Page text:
There’s a growing link between onboard connectivity and seafarer happiness levels, according to the latest Seafarer Happiness Index report from charity group the Mission to Seafarers.
The report is based on the findings of a recent survey conducted by the Mission between January and March this year, in which seafarers were asked to rate their happiness out of ten on a variety of measures.
A key finding of the report was the issue of contact with family and loved ones, with seafarers showing an overwhelming need for better internet access that allows them to keep in touch with those back home. The report showed a stark divide between seafarers working on ships where internet access was available, who registered much higher happiness levels, and those working on ships with limited or no access, who identified as significantly unhappier.
A number of respondents spoke of the joy and relief that being in contact with home brings. When asked about connectivity at sea, one seafarer responded: “Contacting family gives me the enthusiasm and positivity about life and work at sea. Hearing from them is a good source of strength and motivation despite the isolation we feel when we are away.”
Connectivity was also an important factor in the happiness levels of female crew, with some saying that connection to family and friends at home can ease feelings of loneliness and isolation, and help them to deal with the pressures of being the only woman on board.
Steven Jones, founder of the Seafarers Happiness Index, commented, “Although overall we still see that the industry is still struggling with seafarer happiness, these findings represent a very real opportunity for shipping companies to achieve a ‘quick win’ for welfare. Increased access to Wi-Fi on board can make an instant and measurable difference to seafarer happiness, and happier employees means fewer sick-days, fewer accidents, better employee retention and a positive reputation for the employer. A clear benefit to owners and seafarers alike.”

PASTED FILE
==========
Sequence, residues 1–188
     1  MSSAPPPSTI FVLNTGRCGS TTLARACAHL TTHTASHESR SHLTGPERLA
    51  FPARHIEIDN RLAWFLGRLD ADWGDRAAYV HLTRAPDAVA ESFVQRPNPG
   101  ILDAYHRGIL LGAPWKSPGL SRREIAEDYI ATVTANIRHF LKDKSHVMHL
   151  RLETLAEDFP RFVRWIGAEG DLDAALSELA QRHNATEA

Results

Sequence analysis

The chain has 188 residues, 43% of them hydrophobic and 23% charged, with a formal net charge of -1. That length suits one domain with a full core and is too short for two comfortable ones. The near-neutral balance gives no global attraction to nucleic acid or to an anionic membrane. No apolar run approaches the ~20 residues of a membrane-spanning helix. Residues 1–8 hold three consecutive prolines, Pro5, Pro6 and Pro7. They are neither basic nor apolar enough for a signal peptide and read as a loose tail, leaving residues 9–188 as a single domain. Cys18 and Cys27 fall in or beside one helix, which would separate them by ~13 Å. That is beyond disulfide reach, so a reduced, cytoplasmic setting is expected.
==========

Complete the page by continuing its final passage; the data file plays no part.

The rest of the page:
“We must also consider the negative flip-side. We know that there's a significant mental health problem within the seafarer community. Lack of communication with family and friends can leave seafarers isolated, leading to feelings of loneliness and depression. Improving connectivity could, therefore, be seen as a duty of care more than a benefit.”
The Seafarers Happiness Index is part of the Mission’s ongoing research into seafarer happiness levels. Overall, seafarer happiness was rated as 6.72 – an increase of almost seven per cent on the last report published in March 2018. This result places crews in the ‘struggling zone’ on the UN Happiness Reports’ Catril Scale. The UN reports that people at this level of happiness are prone to more than double the amount of sick days and are more likely to smoke and eat an unhealthy diet.
The Seafarers Happiness Index is run every quarter, and the Mission encourages seafarers to retake the survey regularly so that change in individual circumstances is reflected in the findings. Seafarers can participate in the Q2 2018 survey online here. The full Q1 report can be accessed here.